Pete's Wicked World is the first professional security column (that we know of) available exclusively on the web. We intend to make use of the immediacy of this medium to make the column more useful to you. You'll be able to download code fragments and even whole programs at the click of a button. If there's an interesting whitepaper tucked away at an ftp site somewhere, you'll get a live pointer to it. Even news groups, mailing lists, and FAQs won't be immune to our efforts to make a variety of interesting security resources available from one place.
How often have you remembered reading an important article or review, and not remembered where or when you saw it? How useful would it be to have all issues of a magazine available to you at the click of a button? SunWorld Online thinks this is important and will work hard to be sure it happens. A steadily growing index of previous columns and issues will be one of many entry points into this forum.
Let us know what you think of Pete's Wicked World. All writers make assumptions, raise controversial issues, and state opinions. It has never been easier to challenge these assumptions, argue about controversies, and state your own opinions. We'd like to hear from you about the format as well as the content of SunWorld Online, and Pete's Wicked World, of course. You can contact me as email@example.com. The World is a kinder and more gentle place for readers. Please send suggestions, tips, information about topics you'd be interested in. If we use something from you, we'll be glad to cite you. Send a pointer to your home page along, if you have one!
We hope this column, and this magazine, will be a success. It won't be a success by having us write at you. That's been done before. It will be a success if it's interactive, led and fed by you, our readers. If something is important to you we can address it, and we can do so rapidly.
So what is important to you? Need a pointer to the book on a topic, information about a product, evaluation of a happening? Let's get the bits flowing, in two directions, and enjoy the new power at our fingertips.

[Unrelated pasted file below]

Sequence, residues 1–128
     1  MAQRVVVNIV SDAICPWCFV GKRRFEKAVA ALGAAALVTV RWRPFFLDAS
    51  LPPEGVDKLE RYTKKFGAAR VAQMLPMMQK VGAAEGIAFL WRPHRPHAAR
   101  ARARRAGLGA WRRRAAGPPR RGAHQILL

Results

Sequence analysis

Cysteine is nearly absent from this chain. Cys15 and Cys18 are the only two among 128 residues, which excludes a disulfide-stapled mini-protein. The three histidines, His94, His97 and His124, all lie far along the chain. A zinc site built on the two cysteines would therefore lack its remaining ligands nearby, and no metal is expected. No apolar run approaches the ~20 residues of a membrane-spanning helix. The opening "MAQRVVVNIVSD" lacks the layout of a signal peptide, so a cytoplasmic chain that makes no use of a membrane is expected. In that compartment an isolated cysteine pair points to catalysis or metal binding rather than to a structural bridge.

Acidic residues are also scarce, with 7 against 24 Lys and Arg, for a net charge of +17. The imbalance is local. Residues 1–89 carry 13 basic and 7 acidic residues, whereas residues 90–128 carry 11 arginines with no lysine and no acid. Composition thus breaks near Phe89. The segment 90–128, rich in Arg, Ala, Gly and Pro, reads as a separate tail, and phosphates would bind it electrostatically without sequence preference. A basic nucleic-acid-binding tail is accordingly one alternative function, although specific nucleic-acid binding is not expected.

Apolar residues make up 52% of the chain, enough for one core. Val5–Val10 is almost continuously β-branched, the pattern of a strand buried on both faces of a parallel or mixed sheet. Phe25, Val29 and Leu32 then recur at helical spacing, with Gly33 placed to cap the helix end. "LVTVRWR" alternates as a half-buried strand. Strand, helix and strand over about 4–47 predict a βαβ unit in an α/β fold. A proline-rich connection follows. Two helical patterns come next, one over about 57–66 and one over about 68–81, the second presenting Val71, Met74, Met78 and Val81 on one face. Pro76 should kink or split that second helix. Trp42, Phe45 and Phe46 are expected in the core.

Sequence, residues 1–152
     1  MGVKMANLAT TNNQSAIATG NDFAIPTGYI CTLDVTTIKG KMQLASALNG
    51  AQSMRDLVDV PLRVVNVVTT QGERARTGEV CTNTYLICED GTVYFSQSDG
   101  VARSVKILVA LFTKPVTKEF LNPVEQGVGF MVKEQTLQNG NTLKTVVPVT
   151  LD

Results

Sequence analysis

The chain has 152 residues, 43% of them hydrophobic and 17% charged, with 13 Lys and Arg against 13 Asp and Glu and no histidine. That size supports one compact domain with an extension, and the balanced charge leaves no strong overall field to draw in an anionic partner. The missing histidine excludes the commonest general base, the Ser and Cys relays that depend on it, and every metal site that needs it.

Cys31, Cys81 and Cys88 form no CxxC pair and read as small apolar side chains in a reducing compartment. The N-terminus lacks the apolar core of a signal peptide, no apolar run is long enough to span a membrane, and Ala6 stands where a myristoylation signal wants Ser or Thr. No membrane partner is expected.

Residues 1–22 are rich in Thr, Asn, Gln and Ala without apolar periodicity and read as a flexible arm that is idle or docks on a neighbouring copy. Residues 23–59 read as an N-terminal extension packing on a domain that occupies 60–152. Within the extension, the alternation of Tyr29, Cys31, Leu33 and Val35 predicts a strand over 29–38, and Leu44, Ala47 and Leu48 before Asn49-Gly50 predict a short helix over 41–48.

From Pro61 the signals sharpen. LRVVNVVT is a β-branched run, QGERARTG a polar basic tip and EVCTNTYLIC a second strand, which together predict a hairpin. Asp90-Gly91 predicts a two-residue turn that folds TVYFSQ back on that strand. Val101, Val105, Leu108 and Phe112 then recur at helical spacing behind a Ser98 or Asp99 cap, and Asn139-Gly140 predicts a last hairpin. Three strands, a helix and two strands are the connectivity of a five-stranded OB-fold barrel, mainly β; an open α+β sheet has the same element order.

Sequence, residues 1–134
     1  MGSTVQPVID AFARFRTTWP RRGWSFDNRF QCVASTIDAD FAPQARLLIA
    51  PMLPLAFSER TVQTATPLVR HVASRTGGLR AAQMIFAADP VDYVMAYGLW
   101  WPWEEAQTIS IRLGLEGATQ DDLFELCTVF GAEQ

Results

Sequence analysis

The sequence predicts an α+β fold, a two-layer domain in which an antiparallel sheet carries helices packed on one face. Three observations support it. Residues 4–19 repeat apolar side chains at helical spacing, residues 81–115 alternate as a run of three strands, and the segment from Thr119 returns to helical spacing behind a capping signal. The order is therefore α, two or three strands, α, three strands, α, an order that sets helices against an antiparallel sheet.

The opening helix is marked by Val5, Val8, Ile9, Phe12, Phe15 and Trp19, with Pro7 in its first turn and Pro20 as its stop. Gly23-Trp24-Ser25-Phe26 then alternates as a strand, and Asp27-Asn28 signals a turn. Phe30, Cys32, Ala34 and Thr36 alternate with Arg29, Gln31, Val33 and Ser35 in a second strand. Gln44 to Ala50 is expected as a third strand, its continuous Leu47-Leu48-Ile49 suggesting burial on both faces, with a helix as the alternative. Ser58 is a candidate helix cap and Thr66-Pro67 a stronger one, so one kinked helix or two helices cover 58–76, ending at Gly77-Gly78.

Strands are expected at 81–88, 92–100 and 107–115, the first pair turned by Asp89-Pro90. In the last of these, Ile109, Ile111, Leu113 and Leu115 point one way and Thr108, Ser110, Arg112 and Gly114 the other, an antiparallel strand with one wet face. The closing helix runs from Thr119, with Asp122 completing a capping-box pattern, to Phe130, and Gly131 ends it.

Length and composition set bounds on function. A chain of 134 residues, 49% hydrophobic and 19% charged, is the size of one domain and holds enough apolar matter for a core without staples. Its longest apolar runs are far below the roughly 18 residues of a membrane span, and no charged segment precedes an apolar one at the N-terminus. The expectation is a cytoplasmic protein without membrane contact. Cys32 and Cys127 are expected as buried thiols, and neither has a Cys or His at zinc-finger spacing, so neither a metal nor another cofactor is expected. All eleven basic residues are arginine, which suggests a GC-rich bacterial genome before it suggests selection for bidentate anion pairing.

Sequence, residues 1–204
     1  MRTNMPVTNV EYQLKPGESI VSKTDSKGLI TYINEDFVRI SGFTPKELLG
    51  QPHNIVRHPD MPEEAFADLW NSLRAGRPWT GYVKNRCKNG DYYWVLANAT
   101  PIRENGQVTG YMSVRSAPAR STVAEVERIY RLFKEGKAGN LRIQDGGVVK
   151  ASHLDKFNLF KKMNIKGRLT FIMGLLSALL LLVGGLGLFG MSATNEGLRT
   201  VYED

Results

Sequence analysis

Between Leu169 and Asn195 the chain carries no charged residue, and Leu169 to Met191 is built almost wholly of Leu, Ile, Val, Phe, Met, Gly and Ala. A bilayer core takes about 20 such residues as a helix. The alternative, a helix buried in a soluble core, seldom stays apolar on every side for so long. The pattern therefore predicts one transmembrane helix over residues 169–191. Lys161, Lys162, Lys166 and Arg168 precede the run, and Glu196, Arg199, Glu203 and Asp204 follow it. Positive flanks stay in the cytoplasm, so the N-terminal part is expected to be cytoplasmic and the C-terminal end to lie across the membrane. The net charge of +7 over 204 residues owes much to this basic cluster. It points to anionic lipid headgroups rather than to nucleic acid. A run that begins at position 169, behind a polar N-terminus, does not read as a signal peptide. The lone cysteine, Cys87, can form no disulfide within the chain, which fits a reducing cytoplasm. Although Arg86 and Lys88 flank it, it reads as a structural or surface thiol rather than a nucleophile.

Next Month, on "As Pete's Wicked World Turns"
First things first, so the main thrust of next month's column will be the security audit. The major pieces you need to conduct such an audit are a plan, tools, and knowledge. The plan roughs-out what system or systems will be audited, why it's important to audit that system, how the audit will be done and what will happen with the results. The tools will conduct the audit. Knowledge is needed to analyze the results, interpret them in terms of the plan, draw conclusions, and determine the next step.
Also next month, we'll start the canonical security reading list, provide pointers to important security resources on the network, and will start the security-bug-of-the-month club. Stay tuned!
Fill out this survey devoted to your security information needs.
About the author
Peter Galvin is currently the Systems Manager for Brown University's Computer Science Department, where he provides technical management of an installation of nearly 200 SPARCstations and servers. He is also a member of the Board of Directors of the Sun User Group, and has been Program Chair for the last four SUG/SunWorld conferences. As a consultant and trainer, he has given talks and tutorials world-wide. He has written articles for Byte and Advanced Systems (SunWorld) magazines, and the Superuser newsletter. Peter is coauthor of the best-selling Operating Systems Concepts textbook. Reach Peter at firstname.lastname@example.org.
If you have technical problems with this magazine, contact email@example.com